Instead of trying to substantiate lodging and meal costs while traveling away from your regular business location, you may be able to use a government-set daily rate:
GSA.gov has per diem rates. There is a basic rate fixed for the government’s fiscal year ending September 30, with higher rates for certain destinations.
IRS high-low substantiation rates: one rate for most locations within the continental U.S., but a higher one for travel to set locations. The rates also apply for the government’s fiscal year (those for FY 2019 are here ).
Note: Self-employed individuals can use per diem rates only for meals and incidental expenses (not for lodging).
Work with your CPA or other tax advisor to make sure your recordkeeping practices for your business are in line with IRS requirements and financial reporting standards.
Tip: When making a purchase, first evaluate it on a cost per use basis. If it’s a toy or a gadget, consider how often you plan to use it before you buy it.
HIRE A PRO TO HELP YOU
While you can certainly do the day-to-day record keeping for your business, It’s highly encouraged you to entrust a professional for the final cut before sending over your information to the IRS.
This provides you with four key benefits:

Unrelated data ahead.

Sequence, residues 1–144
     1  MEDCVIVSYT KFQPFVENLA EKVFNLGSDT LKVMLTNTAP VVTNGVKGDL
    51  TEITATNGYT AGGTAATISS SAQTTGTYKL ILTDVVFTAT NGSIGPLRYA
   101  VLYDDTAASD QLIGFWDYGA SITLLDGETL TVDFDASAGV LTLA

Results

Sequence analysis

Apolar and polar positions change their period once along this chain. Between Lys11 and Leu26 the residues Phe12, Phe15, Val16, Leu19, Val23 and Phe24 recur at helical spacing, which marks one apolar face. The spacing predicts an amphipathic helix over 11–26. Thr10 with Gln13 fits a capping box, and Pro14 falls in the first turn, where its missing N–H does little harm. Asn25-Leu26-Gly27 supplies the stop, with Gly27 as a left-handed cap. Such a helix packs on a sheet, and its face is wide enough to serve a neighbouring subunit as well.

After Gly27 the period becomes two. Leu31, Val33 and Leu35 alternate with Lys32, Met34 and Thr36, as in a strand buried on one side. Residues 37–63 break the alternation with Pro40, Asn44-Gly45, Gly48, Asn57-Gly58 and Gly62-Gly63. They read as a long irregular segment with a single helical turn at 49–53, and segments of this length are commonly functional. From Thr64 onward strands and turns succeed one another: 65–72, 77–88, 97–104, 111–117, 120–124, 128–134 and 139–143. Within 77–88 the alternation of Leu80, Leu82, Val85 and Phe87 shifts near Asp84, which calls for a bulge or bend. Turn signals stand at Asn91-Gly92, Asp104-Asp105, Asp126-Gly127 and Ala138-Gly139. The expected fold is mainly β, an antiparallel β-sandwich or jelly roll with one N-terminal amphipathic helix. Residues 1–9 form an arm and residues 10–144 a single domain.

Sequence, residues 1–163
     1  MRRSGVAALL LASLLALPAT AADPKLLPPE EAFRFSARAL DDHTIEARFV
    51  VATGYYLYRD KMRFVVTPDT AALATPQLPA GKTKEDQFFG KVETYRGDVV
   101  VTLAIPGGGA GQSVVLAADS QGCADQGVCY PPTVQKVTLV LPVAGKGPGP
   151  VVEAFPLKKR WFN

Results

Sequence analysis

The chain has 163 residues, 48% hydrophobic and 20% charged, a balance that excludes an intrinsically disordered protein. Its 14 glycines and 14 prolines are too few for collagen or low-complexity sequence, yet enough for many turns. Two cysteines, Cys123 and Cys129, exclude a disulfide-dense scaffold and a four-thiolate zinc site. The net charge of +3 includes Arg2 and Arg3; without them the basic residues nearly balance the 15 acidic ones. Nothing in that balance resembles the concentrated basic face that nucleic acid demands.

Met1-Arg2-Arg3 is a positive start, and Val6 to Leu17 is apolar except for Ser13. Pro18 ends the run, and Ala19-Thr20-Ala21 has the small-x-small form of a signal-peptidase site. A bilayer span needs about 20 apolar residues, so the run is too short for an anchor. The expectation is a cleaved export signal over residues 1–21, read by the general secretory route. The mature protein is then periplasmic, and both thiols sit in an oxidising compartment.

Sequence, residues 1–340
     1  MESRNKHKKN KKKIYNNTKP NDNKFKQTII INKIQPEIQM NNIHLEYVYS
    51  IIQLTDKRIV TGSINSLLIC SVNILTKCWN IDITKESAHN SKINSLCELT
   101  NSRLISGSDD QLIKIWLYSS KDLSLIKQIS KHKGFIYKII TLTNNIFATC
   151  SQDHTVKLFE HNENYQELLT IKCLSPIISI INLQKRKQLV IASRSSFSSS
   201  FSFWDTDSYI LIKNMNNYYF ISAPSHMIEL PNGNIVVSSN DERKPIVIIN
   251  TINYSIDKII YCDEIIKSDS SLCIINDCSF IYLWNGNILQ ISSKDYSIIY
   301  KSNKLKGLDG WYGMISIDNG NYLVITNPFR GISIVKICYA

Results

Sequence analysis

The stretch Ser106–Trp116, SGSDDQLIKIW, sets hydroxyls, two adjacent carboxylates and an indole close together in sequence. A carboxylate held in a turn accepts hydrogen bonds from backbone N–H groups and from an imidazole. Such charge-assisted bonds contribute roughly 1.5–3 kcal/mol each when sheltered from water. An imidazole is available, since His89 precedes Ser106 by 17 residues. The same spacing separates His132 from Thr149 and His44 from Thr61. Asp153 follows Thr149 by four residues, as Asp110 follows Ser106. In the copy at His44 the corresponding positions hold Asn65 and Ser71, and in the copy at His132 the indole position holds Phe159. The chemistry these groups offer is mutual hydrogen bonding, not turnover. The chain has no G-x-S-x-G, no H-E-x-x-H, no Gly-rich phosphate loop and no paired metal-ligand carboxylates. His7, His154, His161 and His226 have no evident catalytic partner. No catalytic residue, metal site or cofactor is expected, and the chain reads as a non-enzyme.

- Ensures that your records are double checked by a numbers professional.
- Puts your mind at ease that you are running your business the way you should.
- Helps you in the long run by getting all the latest tax breaks, credits, and write-offs appropriate for your business. Tax laws are always changing, so it can be a lot to keep up with if you don’t hire a professional to help you.
- Makes you less susceptible to a tax audit. When the IRS views your tax returns and notes that it was filed by a professional, it will have a lesser chance of being flagged for an audit.
NOW THAT YOU KNOW JUST HOW SIMPLE IT CAN BE, HOW WILL THESE IDEAS HELP YOU IN YOUR BUSINESS?! LEAVE A COMMENT BELOW AND LET’S CHAT ABOUT IT!
#bookkeeping #accounting #finances #payroll #quickbooks #income #business #orangecountyca #santa ana #tustin #bookkeepingsantaana #bookkeepingoc
1. Research, Research.
Sure, the commercials tell you what a car is offered for. They don’t tell you what you should really pay. Bring these items to the dealership to get the most bang for your buck:
- Printouts on the true market value of the car from Kelley Blue Book, and Edmunds.com
- All the information from the dealer’s website on rates, incentives, rebates, and special finance deals.
- All the information from the competition’s website on rates, incentives, rebates, and special finance deals.
- Information on your trade in vehicles title, loan, value, etc (if you have one).
- Information on you such as your credit score, banking info, and anything else that can help you get the dealer to give you competitive financing.
2. Check Out the Car